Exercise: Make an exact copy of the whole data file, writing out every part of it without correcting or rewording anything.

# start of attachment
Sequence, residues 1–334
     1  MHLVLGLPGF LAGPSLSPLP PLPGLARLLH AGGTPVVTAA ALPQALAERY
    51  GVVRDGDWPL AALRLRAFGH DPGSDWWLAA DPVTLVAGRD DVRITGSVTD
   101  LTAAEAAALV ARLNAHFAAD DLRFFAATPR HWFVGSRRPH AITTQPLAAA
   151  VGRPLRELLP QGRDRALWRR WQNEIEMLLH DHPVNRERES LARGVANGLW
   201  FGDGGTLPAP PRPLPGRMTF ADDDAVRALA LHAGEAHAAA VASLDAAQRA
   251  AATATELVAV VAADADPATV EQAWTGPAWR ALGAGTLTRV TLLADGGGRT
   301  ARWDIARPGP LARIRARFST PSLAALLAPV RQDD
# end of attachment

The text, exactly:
Sequence, residues 1–334
     1  MHLVLGLPGF LAGPSLSPLP PLPGLARLLH AGGTPVVTAA ALPQALAERY
    51  GVVRDGDWPL AALRLRAFGH DPGSDWWLAA DPVTLVAGRD DVRITGSVTD
   101  LTAAEAAALV ARLNAHFAAD DLRFFAATPR HWFVGSRRPH AITTQPLAAA
   151  VGRPLRELLP QGRDRALWRR WQNEIEMLLH DHPVNRERES LARGVANGLW
   201  FGDGGTLPAP PRPLPGRMTF ADDDAVRALA LHAGEAHAAA VASLDAAQRA
   251  AATATELVAV VAADADPATV EQAWTGPAWR ALGAGTLTRV TLLADGGGRT
   301  ARWDIARPGP LARIRARFST PSLAALLAPV RQDD